Medically Reviewed by Olinda Spencer, MD
Many people hear the word epilepsy and envision and person on the ground in convulsions. But McLeod Neurologist Olinda Spencer, MD, says it’s more than that and there are numerous misconceptions.
Here are highlights of Dr. Spencer’s comments on Epilepsy:
Epilepsy refers to a medical condition where someone has multiple seizures or is at risk for multiple seizures. A seizure is abnormal brain activity and it can cause various symptoms. If you have two or more seizures that’s considered epilepsy. There’s also a new definition that says, if you’ve had 1oneseizure but also have certain risk factors, it’s considered epilepsy.
During a seizure, a lot of different things can happen. It depends on where the seizure is starting. In some people, their whole brain will seize at once. If that happens, they will have loss of consciousness, pass out and often can have jerking or convulsions of their whole body. However, sometimes a person will have focal seizures, which means not the whole brain is seizing but only one part of the brain. When that happens, depending on what part of the brain is involved, you’ll have various symptoms. For example, if it’s on the right part of the brain — what we call the motor area — you might just see jerking of the left side of their body . Other times, it can be in the left or visual area of the brain, triggering abnormal visual hallucinations or perceptions.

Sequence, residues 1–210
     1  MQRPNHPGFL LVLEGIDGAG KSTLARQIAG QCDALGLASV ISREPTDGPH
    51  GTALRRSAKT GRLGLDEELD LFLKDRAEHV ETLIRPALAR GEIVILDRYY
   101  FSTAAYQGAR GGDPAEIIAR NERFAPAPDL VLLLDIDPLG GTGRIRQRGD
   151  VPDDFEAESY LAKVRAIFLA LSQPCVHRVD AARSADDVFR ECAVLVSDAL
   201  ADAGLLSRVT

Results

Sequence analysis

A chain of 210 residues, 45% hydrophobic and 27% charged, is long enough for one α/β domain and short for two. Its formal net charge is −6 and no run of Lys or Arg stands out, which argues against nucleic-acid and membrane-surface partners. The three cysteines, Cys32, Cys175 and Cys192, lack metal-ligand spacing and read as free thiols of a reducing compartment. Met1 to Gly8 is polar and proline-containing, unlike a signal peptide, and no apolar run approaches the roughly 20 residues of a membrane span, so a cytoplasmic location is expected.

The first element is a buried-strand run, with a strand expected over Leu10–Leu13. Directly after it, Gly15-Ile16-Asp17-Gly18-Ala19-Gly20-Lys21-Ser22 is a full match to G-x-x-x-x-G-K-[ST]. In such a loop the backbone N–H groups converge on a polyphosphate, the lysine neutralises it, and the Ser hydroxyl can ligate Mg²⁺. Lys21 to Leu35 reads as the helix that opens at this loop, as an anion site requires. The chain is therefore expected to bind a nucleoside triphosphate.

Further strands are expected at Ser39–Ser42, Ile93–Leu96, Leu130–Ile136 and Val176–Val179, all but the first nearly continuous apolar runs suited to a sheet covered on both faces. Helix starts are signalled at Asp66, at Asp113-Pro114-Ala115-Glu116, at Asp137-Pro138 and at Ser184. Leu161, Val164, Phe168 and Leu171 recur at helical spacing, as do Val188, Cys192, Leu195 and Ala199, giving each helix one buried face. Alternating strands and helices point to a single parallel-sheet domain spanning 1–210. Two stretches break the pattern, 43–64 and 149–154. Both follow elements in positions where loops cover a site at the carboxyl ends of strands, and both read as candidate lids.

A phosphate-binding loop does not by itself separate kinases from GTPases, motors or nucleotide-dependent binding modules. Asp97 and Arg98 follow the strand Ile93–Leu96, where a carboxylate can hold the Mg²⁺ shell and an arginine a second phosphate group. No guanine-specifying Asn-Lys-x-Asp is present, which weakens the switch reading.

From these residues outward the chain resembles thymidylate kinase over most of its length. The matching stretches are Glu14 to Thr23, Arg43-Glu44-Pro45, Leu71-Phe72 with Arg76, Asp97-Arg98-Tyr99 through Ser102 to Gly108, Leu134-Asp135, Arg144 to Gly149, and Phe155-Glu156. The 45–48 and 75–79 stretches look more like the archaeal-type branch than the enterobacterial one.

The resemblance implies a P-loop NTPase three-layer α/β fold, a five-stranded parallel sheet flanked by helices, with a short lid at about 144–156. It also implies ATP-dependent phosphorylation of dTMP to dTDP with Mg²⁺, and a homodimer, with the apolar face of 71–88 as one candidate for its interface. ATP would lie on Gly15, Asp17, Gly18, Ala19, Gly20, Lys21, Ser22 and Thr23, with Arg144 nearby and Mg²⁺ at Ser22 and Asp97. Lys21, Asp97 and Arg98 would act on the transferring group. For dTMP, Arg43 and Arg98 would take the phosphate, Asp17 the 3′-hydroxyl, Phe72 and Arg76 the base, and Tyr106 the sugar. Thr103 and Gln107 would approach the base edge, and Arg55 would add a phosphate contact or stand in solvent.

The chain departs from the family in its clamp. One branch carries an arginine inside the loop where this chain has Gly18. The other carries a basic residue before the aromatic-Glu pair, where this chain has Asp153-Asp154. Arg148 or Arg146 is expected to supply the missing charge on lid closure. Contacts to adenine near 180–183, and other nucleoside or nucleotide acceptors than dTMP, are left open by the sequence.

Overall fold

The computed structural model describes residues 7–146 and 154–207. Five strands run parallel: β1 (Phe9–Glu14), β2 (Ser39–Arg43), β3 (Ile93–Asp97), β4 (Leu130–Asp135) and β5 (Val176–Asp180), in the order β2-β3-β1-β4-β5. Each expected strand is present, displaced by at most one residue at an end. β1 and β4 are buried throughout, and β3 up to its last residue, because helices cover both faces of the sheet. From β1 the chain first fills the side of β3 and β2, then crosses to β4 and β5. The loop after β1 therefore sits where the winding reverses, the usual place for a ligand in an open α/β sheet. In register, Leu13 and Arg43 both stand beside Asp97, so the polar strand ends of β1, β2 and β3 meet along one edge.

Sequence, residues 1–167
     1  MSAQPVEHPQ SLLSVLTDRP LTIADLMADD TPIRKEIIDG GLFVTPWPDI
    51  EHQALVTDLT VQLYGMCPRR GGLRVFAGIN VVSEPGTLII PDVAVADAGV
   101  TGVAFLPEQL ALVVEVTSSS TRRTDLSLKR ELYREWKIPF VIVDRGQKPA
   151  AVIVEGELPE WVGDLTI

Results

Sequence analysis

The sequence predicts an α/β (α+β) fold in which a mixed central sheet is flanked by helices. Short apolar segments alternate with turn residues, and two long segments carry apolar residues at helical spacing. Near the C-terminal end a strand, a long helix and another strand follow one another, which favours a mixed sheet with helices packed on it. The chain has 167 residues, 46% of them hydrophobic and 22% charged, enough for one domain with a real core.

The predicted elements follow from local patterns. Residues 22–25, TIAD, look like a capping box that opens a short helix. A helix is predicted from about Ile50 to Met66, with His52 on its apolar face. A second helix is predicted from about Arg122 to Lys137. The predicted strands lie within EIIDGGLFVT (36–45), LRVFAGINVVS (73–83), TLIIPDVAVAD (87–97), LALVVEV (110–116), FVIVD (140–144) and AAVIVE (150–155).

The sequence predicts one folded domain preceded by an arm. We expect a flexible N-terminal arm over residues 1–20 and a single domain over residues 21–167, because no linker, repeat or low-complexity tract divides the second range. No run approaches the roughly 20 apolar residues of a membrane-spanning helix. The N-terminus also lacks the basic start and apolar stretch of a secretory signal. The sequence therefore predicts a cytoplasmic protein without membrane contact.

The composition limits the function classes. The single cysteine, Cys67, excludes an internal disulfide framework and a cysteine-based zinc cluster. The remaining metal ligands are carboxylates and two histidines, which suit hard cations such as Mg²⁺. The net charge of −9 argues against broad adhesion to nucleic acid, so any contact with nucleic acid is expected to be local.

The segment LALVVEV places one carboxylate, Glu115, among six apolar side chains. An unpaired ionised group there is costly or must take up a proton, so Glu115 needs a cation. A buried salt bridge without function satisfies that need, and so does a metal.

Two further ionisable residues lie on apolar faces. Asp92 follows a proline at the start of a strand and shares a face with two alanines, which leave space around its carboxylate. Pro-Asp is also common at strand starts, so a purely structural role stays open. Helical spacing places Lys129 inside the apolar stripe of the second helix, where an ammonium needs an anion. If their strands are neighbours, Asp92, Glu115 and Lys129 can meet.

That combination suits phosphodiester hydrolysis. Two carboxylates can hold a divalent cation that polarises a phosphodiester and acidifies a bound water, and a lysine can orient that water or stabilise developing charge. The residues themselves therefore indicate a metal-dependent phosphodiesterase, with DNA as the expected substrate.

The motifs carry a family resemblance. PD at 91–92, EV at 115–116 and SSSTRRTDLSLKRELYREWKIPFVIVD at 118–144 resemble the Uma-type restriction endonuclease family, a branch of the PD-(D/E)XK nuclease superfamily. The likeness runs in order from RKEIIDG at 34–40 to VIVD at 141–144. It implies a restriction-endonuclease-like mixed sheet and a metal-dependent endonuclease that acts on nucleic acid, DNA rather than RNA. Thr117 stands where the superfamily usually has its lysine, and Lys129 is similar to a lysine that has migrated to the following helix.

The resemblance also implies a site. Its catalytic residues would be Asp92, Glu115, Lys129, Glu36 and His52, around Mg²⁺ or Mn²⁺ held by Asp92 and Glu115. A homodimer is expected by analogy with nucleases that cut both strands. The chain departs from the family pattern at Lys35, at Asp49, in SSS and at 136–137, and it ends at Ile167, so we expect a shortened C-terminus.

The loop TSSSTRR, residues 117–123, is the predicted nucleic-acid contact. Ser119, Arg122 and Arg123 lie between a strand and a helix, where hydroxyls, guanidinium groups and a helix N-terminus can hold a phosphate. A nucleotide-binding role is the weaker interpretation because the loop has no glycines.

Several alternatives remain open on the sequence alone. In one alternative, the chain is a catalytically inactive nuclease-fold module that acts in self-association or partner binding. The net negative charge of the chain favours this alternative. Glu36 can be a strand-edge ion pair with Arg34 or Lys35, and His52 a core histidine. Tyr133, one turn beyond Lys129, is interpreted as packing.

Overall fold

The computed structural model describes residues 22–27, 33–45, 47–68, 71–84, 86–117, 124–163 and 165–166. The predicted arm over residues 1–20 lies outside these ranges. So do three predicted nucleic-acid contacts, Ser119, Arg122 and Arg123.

I think people should know something about epilepsy or about seizures, including seizure First Aid, because it’s such a common condition. If you ever see someone having a seizure, one of the first things I want you to do is look at the time and try to time it. When someone’s seizing and it gets close to five minutes or beyond, that’s when seizures can be really dangerous. They can deprive the brain of oxygen. So, it’s really important to time it — even if it’s someone you love, because then a few seconds might seem like several minutes. Look at a clock and, if it gets close to that five-minute mark, you should call 911.
There are several misconceptions when someone is having a seizure. You should never put something in a person’s mouth, because they can swallow it and choke. You should make sure the person is in a safe place, not near anything where they might hurt themselves. If possible, try to turn them on their side, and put something soft under their head. Again, don’t try to put anything in their mouth and you should time it. Try not to leave someone alone during a seizure. Once it’s over, you should very calmly try to reassure them and just tell them, “ Hey, you had seizure. It’s OK. You’re safe.”
Sometimes people will try to hold the seizure victim down who is having a seizure. But after a seizure, a person will be very confused. They’ll wake up and feel like you’re holding them down. That can be very scary. So, just give them some space and try to reassure them.